At the end of the last blog I mentioned that I wasn't looking forward to the next day, I'll now explain why. During the ticket fiasco in Nanchang the week before we had successfully bought tickets to Xi'an which is on the way home from Lanzhou to Nanchang. This move made perfect sense because train tickets worked out cheaper if you stopped off in Xi'an and it meant we could use our few days of holiday productively by seeing one of the most iconic tourist sites in all of China; the terracotta warriors. So basically we had train tickets to Xi'an. Now there's a problem; we don't have any transport from Xi'an to Nanchang because you have to wait until 10 days in advance. This is fine, we thought, we'll book them in Lanzhou. We tried and were told that we were a day early, come back tomorrow. Naturally, due to the language course we couldn't and we tried to ask our host families for help. They told us you could only book tickets at the station you were travelling from (which we knew was wrong) and then told us the trains were all sold out (we are trying to travel during a National Holiday after all). Panic set in. Our 4 passports changed hands between us as we each tried our best to sort something out (you need your passport to book trains and hotels in China). We each used every Chinese contact we could and just when we were despairing and about to book expensive (well, expensive for China) plane tickets via Alion's Mum, Rob's host Frank came up trumps. Somehow (we're assuming is Dad his some kind of Del Boy wheeler dealer guy) he'd 'acquired' 4 hard sleeper tickets on the train to Nanchang on the right day at the perfect time! Of course we all treated Frank like a hero for the rest of the week because he saved us.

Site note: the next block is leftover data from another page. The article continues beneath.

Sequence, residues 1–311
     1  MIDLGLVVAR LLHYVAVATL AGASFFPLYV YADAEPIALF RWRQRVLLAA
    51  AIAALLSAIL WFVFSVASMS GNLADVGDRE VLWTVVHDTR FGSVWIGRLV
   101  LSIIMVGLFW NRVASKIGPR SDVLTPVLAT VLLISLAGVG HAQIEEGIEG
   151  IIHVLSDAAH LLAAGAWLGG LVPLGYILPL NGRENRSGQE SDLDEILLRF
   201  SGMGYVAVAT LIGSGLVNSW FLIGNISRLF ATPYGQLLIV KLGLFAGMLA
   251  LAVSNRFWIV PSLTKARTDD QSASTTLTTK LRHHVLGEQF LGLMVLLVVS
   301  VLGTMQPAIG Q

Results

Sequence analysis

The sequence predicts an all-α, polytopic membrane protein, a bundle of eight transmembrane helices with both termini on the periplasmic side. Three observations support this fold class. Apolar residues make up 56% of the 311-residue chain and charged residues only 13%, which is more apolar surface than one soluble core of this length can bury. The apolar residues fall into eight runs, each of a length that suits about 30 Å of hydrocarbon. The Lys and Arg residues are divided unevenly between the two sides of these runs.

That was slightly off topic but I forgot to mention that in my last blog - just to demonstrate how frustrating travel in China can be. The reason I wasn't looking forward to the next day was because we didn't have just any tickets on the train to Xi'an. We had standing tickets. That's right, standing room only on a 9 hour Chinese train with a fair bit of luggage each. The Chinese people we'd spoken to about this had not filled us with confidence - Rose informed us there were no seats at all and people were crammed in to be standing so you can barely move. Naturally we all conjured up images of dilapidated cattle wagon with no windows, no light and people crammed face to face with just enough room to breathe. As it happened we were pleasantly surprised. I had done the usual trick (getting quite good at this now) of sprinting ahead, despite carrying a giant Bergen and 3 pieces of luggage. We hoped that I'd be able to stake a small corner of the hell carriage in which to pile our bags and stand around, maybe even force a bit of floor space to take turns sitting down. Instead I was ushered onto a normal looking carriage with seats. Of course I didn't waste my head start and immediately took up as much of the luggage space as possible so our bags could all be stowed safely and together. Then I took one of the many empty seats and waited for the others with Beth. We soon realised that everyone else had proper seat tickets and slowly our horde of seats had to be unwillingly given up. We stubbornly sat in every seat until a ticket holder came along and by the end we were all standing in the aisle, where we were meant to be. This looked like a fun 9 hours. At least we could follow Jamie and Jony's advice and purchase a cheap ticket in the dining carriage - the plan was to rotate around this seat. Beth and I set off with a feeling of hope which was immediately dashed by the grumpy woman in charge who just kept shaking her head and pointing back to our place to stand. It was far better than expected though, for a start the carriage had windows AND a place to put our luggage - if that's not luxury I don't know what is. We began to while away the hours; I read some Sherlock Holmes, listened to my iPod and gazed listlessly out the window. Cat ended up on the floor in the aisle after a very short time and in doing so earned half a seat from some uni students near us. Another woman kept vanishing for long periods of time so between the 6 of us we now had one and a half seats! Naturally, with Rob, Nold and I being such gents we made sure the ladies always had a seat. To be honest, standing wasn't too bad and after a couple of hours Naomi came to find us (Naomi and Jess had seated tickets a few carriages down). We thought we'd spice things up a bit and went to say hello to some more uni students at the end of the carriage who were playing cards very raucously. They were delighted to see us and we joined straight in, they were all early 20's studying a variety of things and all female except for one guy sitting opposite me. He was pretty big, absolutely hilarious and called 'Nar' - he was from Kazakhstan and spoke good Mandarin and English on top of his native Kazakh. We taught them cheat and they had us playing some simple Chinese games. For once we had a seat but it was probably more uncomfortable than standing since I was balancing half on half off. We had fun and it kept us occupied for a while. After that I went to stare out the windows in the section between carriages and gawp and the pretty spectacular landscape. I was joined by Nold and Naomi and had a sense of déjà vu - it was Nold and I that had stared out of a plane window together only a matter of weeks ago. We were following the course of the Yellow River from Lanzhou to Xi'an and hadn't left its side once. The train was insanely long, as we could see when we went along a long curve. We were surrounded by pretty big, lush green mountains with the Yellow River winding its way around the base of it all. It was beautiful although the very train we were on had scarred the landscape. In order to build the direct train route the Chinese had bridged across every ravine and hewn straight through the side of every mountain. This meant our journey alternated between light and dark and as the train literally cut its way directly through the landscape. I ended the last few hours of the journey crouched on the grimy floor between two carriages with a freezing breeze coming through a hole underneath my bum. I was reasonably content reading Sherlock Holmes until three guys came to 'talk' to me. They could barely speak English and I wasn't a fan of them so I made small talk then told them I had to go - I made my camp in the next carriage down where I was joined by Nold. I blocked the same freezing airhole, common to all carriages it seems, with my hoody and we had some quiet time. We arrived in Xi'an (after a panicky few minutes trying to discover whether the next station was 'Xi'an' or some other place which sounds exactly the same but apparently isn't) and managed to get off at the right station.